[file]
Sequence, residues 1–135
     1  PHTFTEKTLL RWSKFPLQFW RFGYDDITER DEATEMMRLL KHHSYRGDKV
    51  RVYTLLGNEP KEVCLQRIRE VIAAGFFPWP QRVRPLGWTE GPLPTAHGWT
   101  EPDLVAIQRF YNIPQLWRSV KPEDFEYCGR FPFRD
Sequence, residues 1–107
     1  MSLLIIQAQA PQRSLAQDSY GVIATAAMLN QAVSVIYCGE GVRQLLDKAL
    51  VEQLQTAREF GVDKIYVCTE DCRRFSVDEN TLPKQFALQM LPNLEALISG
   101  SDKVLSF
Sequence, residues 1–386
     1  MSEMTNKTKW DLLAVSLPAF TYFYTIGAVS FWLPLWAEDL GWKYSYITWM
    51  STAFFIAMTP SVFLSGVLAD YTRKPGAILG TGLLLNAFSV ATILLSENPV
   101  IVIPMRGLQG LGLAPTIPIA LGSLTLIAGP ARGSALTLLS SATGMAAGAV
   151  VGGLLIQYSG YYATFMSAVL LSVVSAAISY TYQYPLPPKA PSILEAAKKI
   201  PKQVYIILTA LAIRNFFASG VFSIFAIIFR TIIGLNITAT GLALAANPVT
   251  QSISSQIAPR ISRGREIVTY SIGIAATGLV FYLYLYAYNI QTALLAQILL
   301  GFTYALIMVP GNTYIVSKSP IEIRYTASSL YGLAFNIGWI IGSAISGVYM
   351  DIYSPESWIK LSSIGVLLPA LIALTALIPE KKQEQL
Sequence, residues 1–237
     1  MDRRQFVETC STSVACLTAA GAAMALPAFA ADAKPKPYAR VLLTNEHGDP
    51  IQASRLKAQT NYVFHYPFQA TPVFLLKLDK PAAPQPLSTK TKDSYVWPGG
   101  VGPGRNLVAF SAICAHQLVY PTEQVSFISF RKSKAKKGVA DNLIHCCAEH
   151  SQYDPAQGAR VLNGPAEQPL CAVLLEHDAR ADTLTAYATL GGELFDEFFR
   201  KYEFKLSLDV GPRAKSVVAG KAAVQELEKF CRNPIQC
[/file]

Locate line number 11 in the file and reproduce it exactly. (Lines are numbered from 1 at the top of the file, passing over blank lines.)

    51  STAFFIAMTP SVFLSGVLAD YTRKPGAILG TGLLLNAFSV ATILLSENPV